The characteristic of the Serbian population was a relative increase before 1961 and an absolute increase before 1971, while both of these indices had declining trends in later periods. This was due to the continued emigration process, drop in the natural increase and their declaring as Yugoslavs.
Natural Population Increase and Migrations
Natural population increase, the main component of the population dynamics, had a rather poor impact on the demographic development of Serbs. Already in the 1960s in the former Yugoslavia as a whole the Serbian population had a low natural increase rate of 11.1 %o (1961). In 1981, the rate of natural increase was only 4.6%o. Natural reproduction in the Serbian population differed by the republics and regions. In 1961, the natural increase of the Serbs in Bosnia and Herzegovina and in Kosovo and Metohia was twice higher than that in Croatia, Vojvodina and Central Serbia. In 1981, the natural increase rate of the Serbs varied between 2.6%o in Croatia and 10.6%o in Kosovo and Metohia.
However, the Serbs in Croatia, Bosnia and Herzegovina and in Kosovo and Metohia were dropping in number, due to incessant emigration. On the other hand, the low natural reproduction of the Serbian population in Central Serbia and Vojvodina would have led to a numerical decline in the Serbian population had it not been for the Serbs who immigrated from other republics.
In the Republic of Serbia the Serbs had a positive balance of migration, while all other republics except Slovenia, had negative balances of migration, i.e. more emigrants than immigrants of the Serbian nationality. This was the result of the planned resettlement of the Serbs from these republics into Vojvodina, Serbia. Thus, the maximum negative balance of migration of the Serbs in Bosnia and Herzegovina, Croatia and Montenegro was recorded before 1948. In Slovenia, the number of Serbs increased mostly through immigrations immediately after World War II (the arrival of army officers and their families) and, after the 1970s, for economic reasons. In Bosnia and Herzegovina, the high negative balance of migration of the Serbs was counterbalanced by a relatively high natural increase of the Serbian population; thus, before the 1960s, the Serbian population grew in number in this Republic. In Montenegro, the high negative balance of migration of the Serbs was evident before the 1960s due to colonisation and migrations connected with education and employment in Serbia. In Macedonia, the balance of migration of the Serbs was negative with its maximum values immediately after World War II, when Macedonia included a good number of Serbs in its quota for colonisation to Vojvodina. High natural increase prevailed over the negative balance of migration at the beginning, but later, when its values dropped, the emigration process became one of the factors most directly linked with the loss of the Serbian population in Macedonia.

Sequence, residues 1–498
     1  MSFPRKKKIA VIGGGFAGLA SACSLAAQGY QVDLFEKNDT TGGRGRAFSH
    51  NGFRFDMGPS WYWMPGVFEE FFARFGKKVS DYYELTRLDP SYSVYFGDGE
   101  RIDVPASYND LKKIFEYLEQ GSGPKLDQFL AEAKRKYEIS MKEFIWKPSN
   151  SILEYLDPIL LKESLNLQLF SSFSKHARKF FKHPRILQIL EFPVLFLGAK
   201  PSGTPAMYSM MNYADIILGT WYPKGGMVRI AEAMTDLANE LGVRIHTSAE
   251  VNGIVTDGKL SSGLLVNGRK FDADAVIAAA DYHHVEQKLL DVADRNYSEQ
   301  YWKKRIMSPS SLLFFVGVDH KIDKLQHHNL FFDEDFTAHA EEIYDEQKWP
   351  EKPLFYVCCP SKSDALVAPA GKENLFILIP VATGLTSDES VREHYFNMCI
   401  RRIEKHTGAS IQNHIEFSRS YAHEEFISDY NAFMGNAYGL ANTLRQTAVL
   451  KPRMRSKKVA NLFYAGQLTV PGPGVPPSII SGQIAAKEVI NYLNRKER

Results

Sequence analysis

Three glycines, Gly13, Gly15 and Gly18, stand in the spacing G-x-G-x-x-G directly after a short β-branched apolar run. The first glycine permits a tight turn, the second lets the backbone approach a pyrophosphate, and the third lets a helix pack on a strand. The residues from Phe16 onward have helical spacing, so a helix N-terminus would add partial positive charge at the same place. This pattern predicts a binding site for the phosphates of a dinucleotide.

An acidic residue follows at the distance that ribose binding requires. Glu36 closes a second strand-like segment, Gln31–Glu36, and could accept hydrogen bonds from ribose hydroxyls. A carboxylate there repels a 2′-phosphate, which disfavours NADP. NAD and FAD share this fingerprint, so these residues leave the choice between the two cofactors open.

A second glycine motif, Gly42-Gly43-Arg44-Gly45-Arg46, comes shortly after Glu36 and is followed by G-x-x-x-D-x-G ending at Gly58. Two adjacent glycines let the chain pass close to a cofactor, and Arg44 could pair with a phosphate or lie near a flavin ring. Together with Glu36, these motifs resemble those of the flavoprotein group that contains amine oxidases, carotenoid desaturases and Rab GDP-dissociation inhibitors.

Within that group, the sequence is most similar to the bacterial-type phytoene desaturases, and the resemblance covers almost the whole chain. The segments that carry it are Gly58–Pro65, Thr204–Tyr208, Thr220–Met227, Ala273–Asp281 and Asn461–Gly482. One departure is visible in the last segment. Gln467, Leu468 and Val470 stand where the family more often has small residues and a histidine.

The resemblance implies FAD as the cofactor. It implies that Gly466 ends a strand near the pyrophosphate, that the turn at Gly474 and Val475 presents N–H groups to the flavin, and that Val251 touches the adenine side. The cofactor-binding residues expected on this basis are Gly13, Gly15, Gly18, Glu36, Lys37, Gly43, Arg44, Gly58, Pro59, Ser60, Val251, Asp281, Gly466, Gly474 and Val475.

According to the 1981 population census, 61.6% of the total number of immigrants to the Republic of Serbia were Serbs. There were two main migratory routes: from Bosnia and Herzegovina (the Serbs' share was 78.5% in the total number of newcomers) and from Croatia (the Serbs' share was 65.1% in the total number of newcomers). It is important to underline the high share of the Serbian population in the total number of immigrants from Slovenia (45.1%) and Macedonia (35.3%). This speaks of strong trends towards ethnic homogenisation propelled by migrations. Thus, in 1981, the Republic of Serbia received 93.1 % of the Serbs that emigrated from Macedonia, 88.2% from Croatia, 77.1% from Bosnia and Herzegovina, 75.0% from Montenegro, and 66.7% from Slovenia. The face that 87.8% of the total number of all the Serbs that immigrated into Serbia came from Bosnia and Herzegovina and Croatia speaks of a strong exodus of the Serbian population from these republics.
It can be concluded that immediately after World War II natural population increase had a great impact upon the population dynamics of the Serbs. Migrations also had a decisive impact upon the geographical distribution of the Serbian population in the former Yugoslavia after the 1960s, and particularly led towards ethnic homogenisation over the last decades. The 1991 civil war caused new great movements of the population and emigrational streams of the Serbs from Croatia, Bosnia & Herzegovina, Slovenia, and Macedonia towards Serbia and Montenegro.
Population Dynamics of the Montenegrins
The Montenegrins were proclaimed a separate people after World War II and they declared themselves as Montenegrins in the post war censuses. This category will be analysed separately although they and the Serbs are of the Serbian origin.